“I see all the same symptoms and issues in all these countries and all these cities,” she has said. “Other people feel like they can confide in me things they’ve never said to anyone else, because it was hurting for so long and so painful—but they saw it in the photographs. That’s when art and photography transcend everything else.”
Frazier’s choice to frame her image in the deep, denim-like blue of the cyanotype, once the medium of choice for making architectural plans, satirizes the Levi’s campaign’s Rust Belt colonialism. These images suggest that the rhetoric of reconstruction and redevelopment is never purely altruistic, often seeking to erase difficult histories while displacing disempowered locals. The choice of medium also echoes the structural inequalities that Frazier finds manifested so devastatingly in Braddock, suggesting that design and construction can serve to build places up while keeping people down. By employing a medium once prevalent in architecture to offer her take on Levi’s’ insidious campaign, Frazier makes the connections between old and new modes of exploitation visible, giving us blueprints for resistance.
Excerpt from Editions ’17 by Benjamin Sutton
LaToya Ruby Frazier (b. 1982, lives and works in Chicago, IL) received her BFA from Edinboro University of Pennsylvania (2004) and her MFA from Syracuse University (2007). She also studied under the Whitney Museum of American Art Independent Study Program, and was the Guna S. Mundheim Fellow for visual arts at the American Academy in Berlin. Frazier works in photography, video and performance to build visual archives that address industrialism, rustbelt revitalization, environmental justice, healthcare inequity, family and communal history. In 2015 her first book The Notion of Family (Aperture 2014) received the International Center for Photography Infinity Award.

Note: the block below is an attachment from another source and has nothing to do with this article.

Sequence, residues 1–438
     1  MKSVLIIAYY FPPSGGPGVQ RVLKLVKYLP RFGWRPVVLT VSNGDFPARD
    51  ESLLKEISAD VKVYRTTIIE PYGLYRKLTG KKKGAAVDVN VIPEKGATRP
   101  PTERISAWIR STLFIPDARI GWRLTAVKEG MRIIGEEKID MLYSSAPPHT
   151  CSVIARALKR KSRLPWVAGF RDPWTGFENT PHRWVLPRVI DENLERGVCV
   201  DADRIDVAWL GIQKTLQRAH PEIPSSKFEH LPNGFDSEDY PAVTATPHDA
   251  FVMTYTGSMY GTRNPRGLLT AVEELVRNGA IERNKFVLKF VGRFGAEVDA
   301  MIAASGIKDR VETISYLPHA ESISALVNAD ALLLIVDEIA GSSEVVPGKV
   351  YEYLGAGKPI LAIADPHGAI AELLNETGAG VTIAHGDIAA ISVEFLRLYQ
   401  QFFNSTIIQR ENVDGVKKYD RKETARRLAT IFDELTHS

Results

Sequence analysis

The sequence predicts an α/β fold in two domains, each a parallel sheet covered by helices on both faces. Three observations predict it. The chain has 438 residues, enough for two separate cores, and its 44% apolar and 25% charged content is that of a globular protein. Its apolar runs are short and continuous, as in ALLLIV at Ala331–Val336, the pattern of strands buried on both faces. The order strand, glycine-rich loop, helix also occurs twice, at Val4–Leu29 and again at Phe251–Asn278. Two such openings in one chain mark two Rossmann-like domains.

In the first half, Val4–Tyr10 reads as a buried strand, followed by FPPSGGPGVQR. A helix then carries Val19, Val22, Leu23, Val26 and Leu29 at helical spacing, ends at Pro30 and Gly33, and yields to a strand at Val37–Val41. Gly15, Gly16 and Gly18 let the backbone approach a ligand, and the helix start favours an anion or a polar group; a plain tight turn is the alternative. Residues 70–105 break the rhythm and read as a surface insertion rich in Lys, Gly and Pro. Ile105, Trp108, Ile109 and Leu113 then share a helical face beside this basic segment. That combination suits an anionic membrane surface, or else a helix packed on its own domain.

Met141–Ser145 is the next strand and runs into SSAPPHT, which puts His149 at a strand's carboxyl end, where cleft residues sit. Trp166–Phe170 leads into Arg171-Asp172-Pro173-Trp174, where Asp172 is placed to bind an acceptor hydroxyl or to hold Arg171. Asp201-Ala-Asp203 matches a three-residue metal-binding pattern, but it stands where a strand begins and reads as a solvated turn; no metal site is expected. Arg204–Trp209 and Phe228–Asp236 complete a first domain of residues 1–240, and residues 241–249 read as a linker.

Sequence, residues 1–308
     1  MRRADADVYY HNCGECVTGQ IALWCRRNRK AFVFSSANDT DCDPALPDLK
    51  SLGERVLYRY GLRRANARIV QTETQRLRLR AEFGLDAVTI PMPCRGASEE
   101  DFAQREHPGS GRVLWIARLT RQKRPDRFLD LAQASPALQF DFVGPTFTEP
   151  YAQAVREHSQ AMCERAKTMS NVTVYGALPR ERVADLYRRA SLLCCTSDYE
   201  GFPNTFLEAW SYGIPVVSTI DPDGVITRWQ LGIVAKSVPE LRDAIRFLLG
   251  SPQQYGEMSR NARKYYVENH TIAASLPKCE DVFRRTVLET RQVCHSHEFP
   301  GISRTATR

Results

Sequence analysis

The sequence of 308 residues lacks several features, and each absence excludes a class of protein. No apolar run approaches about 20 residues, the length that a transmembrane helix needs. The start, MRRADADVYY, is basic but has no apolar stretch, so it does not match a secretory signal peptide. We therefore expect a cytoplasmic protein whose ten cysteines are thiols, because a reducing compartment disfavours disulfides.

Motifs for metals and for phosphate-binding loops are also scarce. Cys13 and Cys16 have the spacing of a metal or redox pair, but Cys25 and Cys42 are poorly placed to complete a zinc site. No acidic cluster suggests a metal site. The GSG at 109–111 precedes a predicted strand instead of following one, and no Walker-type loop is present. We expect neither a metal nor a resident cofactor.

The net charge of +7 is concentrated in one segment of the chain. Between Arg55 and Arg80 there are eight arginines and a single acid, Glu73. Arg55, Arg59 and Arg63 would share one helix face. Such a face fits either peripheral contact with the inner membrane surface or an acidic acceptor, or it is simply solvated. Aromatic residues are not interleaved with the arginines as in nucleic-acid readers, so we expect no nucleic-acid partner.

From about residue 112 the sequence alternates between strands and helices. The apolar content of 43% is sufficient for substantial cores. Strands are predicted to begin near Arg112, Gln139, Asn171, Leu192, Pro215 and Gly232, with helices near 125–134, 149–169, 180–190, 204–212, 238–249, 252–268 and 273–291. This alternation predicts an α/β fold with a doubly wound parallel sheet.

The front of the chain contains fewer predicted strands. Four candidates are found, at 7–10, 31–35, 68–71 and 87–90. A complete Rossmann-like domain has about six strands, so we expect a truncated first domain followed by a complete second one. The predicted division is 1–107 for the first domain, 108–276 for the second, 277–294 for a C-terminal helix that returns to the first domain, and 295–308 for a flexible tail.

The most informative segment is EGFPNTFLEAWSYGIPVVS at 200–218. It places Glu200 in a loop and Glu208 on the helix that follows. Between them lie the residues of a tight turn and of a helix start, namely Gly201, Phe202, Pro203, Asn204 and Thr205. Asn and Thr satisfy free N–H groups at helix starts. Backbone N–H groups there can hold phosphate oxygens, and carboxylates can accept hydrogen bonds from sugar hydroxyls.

Frazier’s work is exhibited widely in the U.S. and internationally, with notable solo exhibitions at Brooklyn Museum; Seattle Art Museum; Institute of Contemporary Art, Boston; and Contemporary Arts Museum Houston. Her work has also been featured in the following group shows: The Generational Triennial: Younger Than Jesus (2009), New Museum, NY; Greater New York (2010), MoMA PS1, NY; the Whitney Museum of American Art Biennial (2012), NY; and 54th Venice Biennale among many others. Frazier is the recipient of many awards, including the John D. and Catherine T. MacArthur Foundation Award (2015), a fellowship from John Simon Guggenheim Memorial Foundation (2014), Gwendolyn Knight & Jacob Lawrence Prize of the Seattle Art Museum (2013), the Theo Westenberger Award of the Creative Capital Foundation (2012), the Louis Comfort Tiffany Foundation Award (2011), and Art Matters (2010).
Her work can be found in public and private art collections such as Museum of Modern Art; Brooklyn Museum; Seattle Art Museum; Carnegie Museum, Pittsburgh; Library of Congress, Washington, DC; Museum of Contemporary Art, Chicago; Whitney Museum of American Art, New York among others.